Check the car seat straps: I find when you pull the car seat straps tight they really dig into the shoulders. After pulling tight I pull on the leg straps which always gives a bit, then I move that give up to the shoulder area and pull tight again. This creates a more even firmness across the hold harness. My boys are more comfortable and more secure this way.

Time your car rides: For newborns make sure they’re fed, have clean nappies, and if you can do some tummy time beforehand so that they’re worn out and more likely to sleep. For toddlers tell them the night before that you’re going in the car the next day and where they’re going. This helps the next day because they’re prepared. When I had regular car rides to work I used to put my eldest straight in the car when he woke up pyjamas and all. That way he was still sleepy, then I’d dress and feed him at my mums house. This way we weren’t rushing activities at home or interrupting his play. Now days I’m at home so car rides are more casual. I always make sure he’s got a clean nappy and we pick a book or toy to take in the car with us.

Music: My toddler loves music in the car and has become quite picky! He now tells me when he doesn’t like a song, or when he wants to hear one on repeat. I got a much needed reminder this week when he commented the music was too loud. It wasn’t louder than usual but he found it too much. Remember you have little ears in the car, so maybe try changing the volume levels and see if it helps. Also try changing up the playlist and see if different styles make them more comfortable.

Avoid rewards in the car: Whether its food or technology try to avoid things in the car that you’re not willing to give them every single car ride. This may be hard because you want a quick fix but I promise its worth a few hell-rides sticking to a safe car routine then dealing with tantrums because they want rewards every time you need to go somewhere.

Good luck mumma, the crying in the car will pass!

Mumma Z xxx

How a Boy Mumma dealt with gender disappointment

Its weird before I had kids I never really thought about the gender of my kids I guess I just kinda assumed I’d have a boy and a girl. It never occurred to me that I’d only be a mumma to one gender and that that gender would be boys!

When I was pregnant with my first the gender didn’t really matter but I won’t lie. When I found out it was a boy I was momentarily disappointed. I think it was a mix between my mum saying she thought it was girl and the fact that I’d got it in my head that it was. Or maybe it was the idea that having a kid the same gender as myelf felt safer, like I would be more prepared for a girl than a boy.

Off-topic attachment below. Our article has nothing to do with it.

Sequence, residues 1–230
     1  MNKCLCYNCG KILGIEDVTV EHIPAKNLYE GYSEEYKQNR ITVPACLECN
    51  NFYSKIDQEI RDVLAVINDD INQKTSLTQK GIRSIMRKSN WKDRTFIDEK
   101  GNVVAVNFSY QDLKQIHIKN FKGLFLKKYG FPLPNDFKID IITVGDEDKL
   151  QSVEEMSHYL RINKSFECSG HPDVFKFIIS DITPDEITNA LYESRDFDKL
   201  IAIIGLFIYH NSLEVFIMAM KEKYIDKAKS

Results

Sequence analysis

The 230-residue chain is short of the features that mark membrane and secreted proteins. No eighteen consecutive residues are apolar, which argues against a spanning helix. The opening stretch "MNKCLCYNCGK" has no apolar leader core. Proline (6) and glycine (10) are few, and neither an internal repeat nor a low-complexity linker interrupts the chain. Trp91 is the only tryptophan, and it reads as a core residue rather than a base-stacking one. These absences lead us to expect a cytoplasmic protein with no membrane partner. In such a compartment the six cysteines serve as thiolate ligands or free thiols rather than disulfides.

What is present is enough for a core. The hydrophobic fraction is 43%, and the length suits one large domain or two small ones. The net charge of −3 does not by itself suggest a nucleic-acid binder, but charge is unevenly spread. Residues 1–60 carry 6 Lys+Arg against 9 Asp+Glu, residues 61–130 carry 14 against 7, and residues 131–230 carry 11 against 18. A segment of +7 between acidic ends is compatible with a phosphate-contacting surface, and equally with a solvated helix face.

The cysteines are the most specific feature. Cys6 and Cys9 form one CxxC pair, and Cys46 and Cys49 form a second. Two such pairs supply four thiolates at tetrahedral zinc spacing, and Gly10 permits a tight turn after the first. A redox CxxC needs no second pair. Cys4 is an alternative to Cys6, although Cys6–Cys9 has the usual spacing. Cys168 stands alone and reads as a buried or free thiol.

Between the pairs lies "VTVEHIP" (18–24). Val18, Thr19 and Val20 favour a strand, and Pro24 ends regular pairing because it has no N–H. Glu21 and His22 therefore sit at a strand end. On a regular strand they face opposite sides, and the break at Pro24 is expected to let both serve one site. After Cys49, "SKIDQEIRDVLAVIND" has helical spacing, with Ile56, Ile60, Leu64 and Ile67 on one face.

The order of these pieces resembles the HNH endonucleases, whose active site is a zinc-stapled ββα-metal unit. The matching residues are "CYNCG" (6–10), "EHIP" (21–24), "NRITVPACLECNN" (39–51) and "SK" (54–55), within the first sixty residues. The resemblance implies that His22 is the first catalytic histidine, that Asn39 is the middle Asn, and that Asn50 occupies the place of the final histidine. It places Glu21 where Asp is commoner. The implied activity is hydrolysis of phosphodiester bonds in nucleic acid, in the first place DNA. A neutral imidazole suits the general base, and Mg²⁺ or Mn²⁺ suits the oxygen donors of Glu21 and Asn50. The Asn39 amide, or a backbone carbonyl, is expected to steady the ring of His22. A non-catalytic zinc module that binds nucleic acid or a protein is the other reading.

The feeling didn’t entirely go away and I didn’t honestly believe it was boy until he was born. But as they say the moment he arrived it was overwhelming love at first sight and I have loved being his Mumma. He cracks me up everyday. I’m navigating my way through his construction obsession and love playing trains, cars and firemen with him. I love little boys fashion and spend way too much on chinos, boat shoes and gorgeous wooden jumpers for him.

When I found out I was pregnant with number two though I found conversation about what gender was really difficult. So many people commented that we must be hoping for a girl that I started to feel like I’d be a failure if my baby wasn’t. A good friend of mine with a boy the same age as me had just had her second and it was girl. I felt jealous that she had created the textbook family and wondered what my future held. At the 20 week scan they told us we were expecting a boy. the extended family were excited but there was definitely disappointment on a few faces that they weren’t going to be little girl outfits or seeing a mini me running around. I too felt upset. My good friend who’s second was a girl said something really profound to me though. She said” you have to mourn the one you don’t have. She hadn’t found out the gender of the second until she was born, and even though she had hoped for a daughter she had slight gender disappointment at the birth. You see when she realised it was a girl she had to mourn the boy she thought she might have. She had envisaged a little boy as well, picked a name for him, and part of her was sad about not having him even though she absolutely loves her daughter.

I too had to take the time to mourn the daughter I wasn’t having. I also had to mourn the idea that this may be my last pregnancy and I may never have a daughter. I will always be the mother in law. I will always be outnumbered at home, and may not have a sidekick joining me shopping or getting our nails done.